What Are Foreign Transaction and Currency Conversion Fees?

Prevent excessive travel costs by understanding what foreign transaction fees are and how to avoid them

Daily allowance for food? Check. Plane tickets? Already bought. Planning for foreign transaction and currency conversion fees on your trip? Wait, what?

It’s true. With some credit cards, debit cards and even prepaid cards, fees may be added when you make transactions abroad or online with foreign merchants. Keep reading to learn about foreign transaction and currency conversion fees. And learn how to try to avoid them.

What Are Foreign Transaction Fees? 

Say you buy a new camera while out shopping in Tokyo. If you pay with a credit card, debit card or prepaid card, it might cost more than the price tag says. 

When you use your card while traveling abroad, you may have to pay a foreign transaction fee for any of your transactions there. If your card charges one, it can also be tacked on to your online transactions with merchants based outside of the U.S.

Some cards—like Capital One’s U.S.-issued credit cards and 360 Checking account debit cards—don’t charge foreign transaction fees. But if your card does, the actual cost can vary, depending on which credit, debit or prepaid card you use. The fees may generally be in the area of 3% of your purchase, though. You can check your card’s terms and conditions to see what fees there are.

What About Currency Conversion Fees?

Currency conversion fees can be included in foreign transaction fees. But there’s a slight technical difference. 

With foreign transaction fees, the issuer of the credit, debit or prepaid card you use may charge a fee for purchases made abroad or online from foreign merchants.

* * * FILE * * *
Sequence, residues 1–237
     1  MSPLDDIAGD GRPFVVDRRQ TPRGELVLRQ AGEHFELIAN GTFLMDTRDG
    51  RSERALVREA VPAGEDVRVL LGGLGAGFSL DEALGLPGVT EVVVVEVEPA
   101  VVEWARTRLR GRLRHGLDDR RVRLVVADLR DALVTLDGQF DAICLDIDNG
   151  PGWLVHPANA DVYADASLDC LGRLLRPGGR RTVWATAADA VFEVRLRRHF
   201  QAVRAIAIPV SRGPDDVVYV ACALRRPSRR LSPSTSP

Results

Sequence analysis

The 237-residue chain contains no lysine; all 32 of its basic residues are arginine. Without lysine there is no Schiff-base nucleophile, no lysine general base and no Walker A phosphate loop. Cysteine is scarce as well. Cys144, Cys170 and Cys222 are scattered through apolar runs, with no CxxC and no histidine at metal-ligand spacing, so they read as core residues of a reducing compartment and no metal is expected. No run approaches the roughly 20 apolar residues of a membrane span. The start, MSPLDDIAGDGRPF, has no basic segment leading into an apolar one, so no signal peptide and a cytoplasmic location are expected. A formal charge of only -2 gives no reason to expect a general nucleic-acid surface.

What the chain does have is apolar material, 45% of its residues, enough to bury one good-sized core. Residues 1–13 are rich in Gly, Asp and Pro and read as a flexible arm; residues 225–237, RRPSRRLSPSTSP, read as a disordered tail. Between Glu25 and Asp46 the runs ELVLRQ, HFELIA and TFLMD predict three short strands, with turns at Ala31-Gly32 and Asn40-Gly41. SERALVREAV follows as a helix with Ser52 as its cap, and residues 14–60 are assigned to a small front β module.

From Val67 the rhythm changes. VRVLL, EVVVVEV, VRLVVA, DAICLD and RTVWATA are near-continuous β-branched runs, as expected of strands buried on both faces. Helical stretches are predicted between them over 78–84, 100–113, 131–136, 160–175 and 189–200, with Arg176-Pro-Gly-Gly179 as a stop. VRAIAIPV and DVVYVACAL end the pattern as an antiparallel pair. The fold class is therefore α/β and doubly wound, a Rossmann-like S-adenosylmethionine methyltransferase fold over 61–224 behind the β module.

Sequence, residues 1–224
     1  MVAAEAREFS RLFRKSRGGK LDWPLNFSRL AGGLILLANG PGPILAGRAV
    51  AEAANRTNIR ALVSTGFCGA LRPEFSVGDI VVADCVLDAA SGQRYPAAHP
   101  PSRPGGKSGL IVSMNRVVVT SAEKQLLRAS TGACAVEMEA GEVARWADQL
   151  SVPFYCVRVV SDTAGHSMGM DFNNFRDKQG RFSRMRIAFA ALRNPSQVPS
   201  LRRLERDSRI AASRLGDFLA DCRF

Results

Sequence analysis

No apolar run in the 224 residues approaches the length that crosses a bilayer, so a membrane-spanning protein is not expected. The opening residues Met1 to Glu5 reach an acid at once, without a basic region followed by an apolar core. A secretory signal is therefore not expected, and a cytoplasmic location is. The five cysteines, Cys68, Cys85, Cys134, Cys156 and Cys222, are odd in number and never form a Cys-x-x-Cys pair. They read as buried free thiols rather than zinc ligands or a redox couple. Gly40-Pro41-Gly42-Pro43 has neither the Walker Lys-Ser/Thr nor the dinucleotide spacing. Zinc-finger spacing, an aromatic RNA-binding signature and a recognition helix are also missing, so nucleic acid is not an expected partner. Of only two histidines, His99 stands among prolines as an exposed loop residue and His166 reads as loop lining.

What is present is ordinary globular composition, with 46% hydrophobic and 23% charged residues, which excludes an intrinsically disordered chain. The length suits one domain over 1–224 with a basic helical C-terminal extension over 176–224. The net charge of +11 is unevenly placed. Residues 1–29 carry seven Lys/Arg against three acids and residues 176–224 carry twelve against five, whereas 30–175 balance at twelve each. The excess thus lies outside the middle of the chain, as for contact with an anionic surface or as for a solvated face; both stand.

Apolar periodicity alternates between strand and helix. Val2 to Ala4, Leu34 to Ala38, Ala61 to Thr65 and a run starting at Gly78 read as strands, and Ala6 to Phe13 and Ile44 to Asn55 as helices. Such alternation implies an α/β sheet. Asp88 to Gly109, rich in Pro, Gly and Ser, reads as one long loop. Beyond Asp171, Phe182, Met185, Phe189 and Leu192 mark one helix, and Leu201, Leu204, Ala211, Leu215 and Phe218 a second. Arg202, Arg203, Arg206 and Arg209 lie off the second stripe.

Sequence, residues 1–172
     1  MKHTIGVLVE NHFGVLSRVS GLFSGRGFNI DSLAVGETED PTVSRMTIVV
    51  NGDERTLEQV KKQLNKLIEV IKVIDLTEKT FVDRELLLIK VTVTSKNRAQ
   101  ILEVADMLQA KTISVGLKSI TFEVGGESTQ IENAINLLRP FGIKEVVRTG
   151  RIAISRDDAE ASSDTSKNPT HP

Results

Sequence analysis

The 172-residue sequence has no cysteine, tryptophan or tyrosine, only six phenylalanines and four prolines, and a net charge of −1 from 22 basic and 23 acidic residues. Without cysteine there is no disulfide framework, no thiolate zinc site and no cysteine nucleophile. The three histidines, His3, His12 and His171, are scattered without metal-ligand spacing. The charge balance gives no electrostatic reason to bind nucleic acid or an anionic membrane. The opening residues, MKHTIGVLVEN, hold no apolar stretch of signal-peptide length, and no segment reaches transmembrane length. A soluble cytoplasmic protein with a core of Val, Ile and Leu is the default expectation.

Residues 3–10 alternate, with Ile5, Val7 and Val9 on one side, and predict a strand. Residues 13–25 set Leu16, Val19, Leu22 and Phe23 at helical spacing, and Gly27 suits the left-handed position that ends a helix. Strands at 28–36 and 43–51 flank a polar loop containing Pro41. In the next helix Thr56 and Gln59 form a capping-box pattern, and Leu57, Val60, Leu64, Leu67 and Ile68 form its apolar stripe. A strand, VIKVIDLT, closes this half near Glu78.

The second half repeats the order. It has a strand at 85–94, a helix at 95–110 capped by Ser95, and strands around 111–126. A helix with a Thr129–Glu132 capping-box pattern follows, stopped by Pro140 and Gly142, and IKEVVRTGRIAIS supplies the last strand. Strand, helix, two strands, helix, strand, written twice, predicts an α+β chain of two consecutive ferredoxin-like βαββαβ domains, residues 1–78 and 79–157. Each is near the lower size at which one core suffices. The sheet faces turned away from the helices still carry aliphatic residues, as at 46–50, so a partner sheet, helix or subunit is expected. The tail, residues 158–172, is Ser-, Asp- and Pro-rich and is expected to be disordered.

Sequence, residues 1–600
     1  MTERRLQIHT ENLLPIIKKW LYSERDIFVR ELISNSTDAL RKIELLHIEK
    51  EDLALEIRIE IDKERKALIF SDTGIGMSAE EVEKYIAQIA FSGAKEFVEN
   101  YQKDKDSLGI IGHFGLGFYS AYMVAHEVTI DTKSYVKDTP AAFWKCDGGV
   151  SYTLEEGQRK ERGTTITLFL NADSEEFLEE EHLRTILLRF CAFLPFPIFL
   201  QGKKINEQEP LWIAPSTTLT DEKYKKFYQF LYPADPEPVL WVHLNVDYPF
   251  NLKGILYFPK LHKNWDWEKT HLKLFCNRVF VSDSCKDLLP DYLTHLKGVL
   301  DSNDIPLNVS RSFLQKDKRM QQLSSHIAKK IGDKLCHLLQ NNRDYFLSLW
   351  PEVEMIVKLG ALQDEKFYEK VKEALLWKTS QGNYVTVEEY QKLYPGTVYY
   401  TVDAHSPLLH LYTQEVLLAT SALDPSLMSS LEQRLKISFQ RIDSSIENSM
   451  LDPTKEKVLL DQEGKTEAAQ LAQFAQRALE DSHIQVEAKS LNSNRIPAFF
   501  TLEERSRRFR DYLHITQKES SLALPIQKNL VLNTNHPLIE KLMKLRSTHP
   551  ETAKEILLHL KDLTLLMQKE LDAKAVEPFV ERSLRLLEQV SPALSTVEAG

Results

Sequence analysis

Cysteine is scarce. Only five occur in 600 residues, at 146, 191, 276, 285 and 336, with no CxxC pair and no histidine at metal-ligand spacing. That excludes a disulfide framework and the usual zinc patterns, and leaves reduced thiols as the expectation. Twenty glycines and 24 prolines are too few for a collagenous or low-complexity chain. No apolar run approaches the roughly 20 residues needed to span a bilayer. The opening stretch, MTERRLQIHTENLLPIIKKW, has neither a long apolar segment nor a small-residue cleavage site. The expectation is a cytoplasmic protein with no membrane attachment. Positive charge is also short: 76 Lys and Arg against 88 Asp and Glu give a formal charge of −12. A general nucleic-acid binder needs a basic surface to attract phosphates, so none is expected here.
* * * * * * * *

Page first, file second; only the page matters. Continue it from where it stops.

A currency conversion fee might be charged by the credit card or debit card payment network or ATM network for converting one currency to another. While Capital One doesn’t charge a currency conversion fee, other issuers might. If you’re charged a currency conversion fee, you might find that it’s 1% of the purchase. 

You may see both fees combined and referred to as the foreign transaction fee.

What Are Dynamic Currency Conversion Fees?

Remember that great new camera you bought in Tokyo? If it cost 345,199 yen, how much is that in U.S. dollars? Not many people can do that math in real time. 

That’s why foreign merchants will sometimes offer to perform a dynamic currency conversion (DCC). This optional service converts the foreign price to your home currency, giving you a better idea of what cost to expect. 

But merchants aren’t usually providing this service for free. A DCC could cost you more, but the good news is you’re not required to use and pay for it.

If I Pay a DCC Fee, Do I Still Pay a Foreign Transaction Fee?

If you request a DCC, you’ll likely be paying that fee on top of your foreign transaction fee, if your card has one. 

DCC fees can cause your travel or online shopping expenses to increase. However, merchants typically aren’t allowed to perform it without cardholder consent, so you can decide whether or not you’d like to pay for it. Additionally, you may want to look for other ways to determine price in your home currency, like currency conversion apps you can download onto your phone.